Presidential elections in Africa have gone through many cycles since the 1950s when Ghana became the first country […]
Brazil’s Congress unveiled an exhibition on Monday, featuring various artifacts, including a tapestry crafted by the renowned artist Burle Marx and a replica of the country’s constitution from 1988. The exhibition is noteworthy not for the rarity of the objects, but rather because they serve as reminders of one of the darkest chapters in Brazil’s recent history.
On January 8, 2023, unprecedented riots erupted in support of former President Jair Bolsonaro within government buildings in the capital, Brasilia. During this tumultuous event, the tapestry was damaged, and the replica constitution was destroyed. Many interpreted the riots as a failed attempt by Bolsonaro to cling to power after losing the election. A year later, with hundreds of arrests made, Brazil is still grappling with the aftermath.
On year after the riot, Brazil’s society still doesn’t know how to handle what happened, as there’s no consensus. Brazil’s society is now divided into extreme opposites, and portions of these opposites find themselves in a position where reconciliation seems impossible.
Mirroring the insurrection that occurred on January 6, 2021, when supporters of outgoing U.S. President Donald Trump stormed the Capitol in Washington, thousands of Bolsonaro’s backers similarly besieged the presidential palace, Congress, and the Supreme Court buildings, presenting one of the most significant threats to Latin America’s most populous democracy.
A year later, approximately 400 individuals out of about 1,500 still find themselves incarcerated, facing charges related to the riots, while Bolsonaro is under investigation by the Supreme Court for his role in the chaos. Despite assertions by members of Brazil’s three branches of power that democracy and its safeguards have been restored after the ransacking of government buildings, supporters of the former president contend that their freedom of speech is being infringed upon, and they claim to be victims of political persecution.
Some of these supporters have propagated baseless allegations suggesting that the riots were orchestrated by the current administration and its proponents, an assertion echoed by Bolsonaro himself in a recent interview. Although Bolsonaro was barred by a court last year from running for office again until 2030, unrelated to the riots but linked to his baseless claims about the electronic voting system in the previous presidential election, his far-right support base remains substantial on the streets and perceives itself as capable of challenging President Luiz Inacio Lula da Silva.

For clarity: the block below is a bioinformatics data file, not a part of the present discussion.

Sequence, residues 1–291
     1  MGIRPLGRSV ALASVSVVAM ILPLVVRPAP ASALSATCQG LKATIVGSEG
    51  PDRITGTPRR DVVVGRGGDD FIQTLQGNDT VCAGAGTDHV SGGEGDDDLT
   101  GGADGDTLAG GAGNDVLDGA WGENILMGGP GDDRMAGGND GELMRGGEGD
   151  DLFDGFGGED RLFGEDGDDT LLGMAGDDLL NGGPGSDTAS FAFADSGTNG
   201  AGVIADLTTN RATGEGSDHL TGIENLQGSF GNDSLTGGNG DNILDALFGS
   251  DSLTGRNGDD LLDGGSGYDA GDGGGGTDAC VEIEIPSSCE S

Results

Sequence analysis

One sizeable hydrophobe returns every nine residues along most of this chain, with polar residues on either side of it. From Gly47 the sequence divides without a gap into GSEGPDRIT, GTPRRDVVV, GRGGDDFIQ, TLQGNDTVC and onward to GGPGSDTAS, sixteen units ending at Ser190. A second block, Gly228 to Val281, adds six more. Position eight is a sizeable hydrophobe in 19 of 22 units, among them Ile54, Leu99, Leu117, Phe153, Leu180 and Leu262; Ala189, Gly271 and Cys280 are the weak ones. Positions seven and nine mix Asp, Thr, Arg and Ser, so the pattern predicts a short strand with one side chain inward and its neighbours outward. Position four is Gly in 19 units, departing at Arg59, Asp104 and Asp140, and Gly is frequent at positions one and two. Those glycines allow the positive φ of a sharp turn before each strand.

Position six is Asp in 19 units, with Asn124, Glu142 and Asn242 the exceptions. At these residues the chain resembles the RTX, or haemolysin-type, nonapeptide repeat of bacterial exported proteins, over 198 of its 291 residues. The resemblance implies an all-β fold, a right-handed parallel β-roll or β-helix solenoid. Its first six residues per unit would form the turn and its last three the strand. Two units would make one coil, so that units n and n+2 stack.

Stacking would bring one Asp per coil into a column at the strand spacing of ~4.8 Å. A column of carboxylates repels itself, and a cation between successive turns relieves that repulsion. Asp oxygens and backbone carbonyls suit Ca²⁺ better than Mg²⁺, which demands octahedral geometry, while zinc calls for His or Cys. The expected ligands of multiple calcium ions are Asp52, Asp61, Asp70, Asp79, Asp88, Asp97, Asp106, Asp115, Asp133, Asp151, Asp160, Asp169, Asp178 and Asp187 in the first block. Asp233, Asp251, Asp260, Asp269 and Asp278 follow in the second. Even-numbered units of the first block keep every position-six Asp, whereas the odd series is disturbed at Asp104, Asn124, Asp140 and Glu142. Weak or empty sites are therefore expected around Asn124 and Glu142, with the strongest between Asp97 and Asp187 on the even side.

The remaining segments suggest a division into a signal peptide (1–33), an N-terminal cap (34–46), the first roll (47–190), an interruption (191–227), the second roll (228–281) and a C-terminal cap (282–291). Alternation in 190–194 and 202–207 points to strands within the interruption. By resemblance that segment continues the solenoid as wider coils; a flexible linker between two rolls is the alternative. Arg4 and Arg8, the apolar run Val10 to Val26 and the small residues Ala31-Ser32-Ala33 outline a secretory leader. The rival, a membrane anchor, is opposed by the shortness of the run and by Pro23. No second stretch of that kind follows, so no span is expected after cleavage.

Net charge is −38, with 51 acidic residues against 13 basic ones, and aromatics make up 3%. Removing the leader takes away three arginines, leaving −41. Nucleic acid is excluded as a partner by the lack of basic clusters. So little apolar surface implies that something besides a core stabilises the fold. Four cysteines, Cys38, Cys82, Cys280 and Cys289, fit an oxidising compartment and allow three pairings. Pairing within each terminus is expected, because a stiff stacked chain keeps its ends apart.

A recent poll reported that 89% of Brazilians view the events of January 8 negatively, with 47% believing that Bolsonaro had some involvement in the riots. The poll, conducted between December 14-18, surveyed 2,012 people, with a margin of error of 2.2% points.
On Monday, a symbolic ceremony named “Unshakeable Democracy” took place in Congress, where Lula and other officials gathere for an exhibit aimed at reassuring Brazilians about the strength of their democratic system. Lula mentioned to Brazilian media outlets that this event demonstrates how Brazilians should strive to avoid any coup d’état throughout the entire 21st century.
Despite the significance of the event, many politicians associated with Bolsonaro, including staunch supporter Carla Zambelli and potential political heir Tarcisio de Freitas, have chosen not to attend, considering it a “ridiculous waste of energy and public funds.”
Analysts note that the swift reaction to the riots was influenced by existing friction between Bolsonaro and other authorities, particularly Supreme Court justices, predating the 2022 presidential elections.
However, the riots by Bolsonaro supporters in Brasilia caused many moderates to distance themselves from the far-right leader. Bolsonaro, who was in the United States at the time, denies any responsibility.
Of the 2,170 people arrested over the riots, 30 have been convicted so far, on charges including armed criminal conspiracy, violent uprising against the rule of law and an attempted coup, with sentences of up to 17 years.
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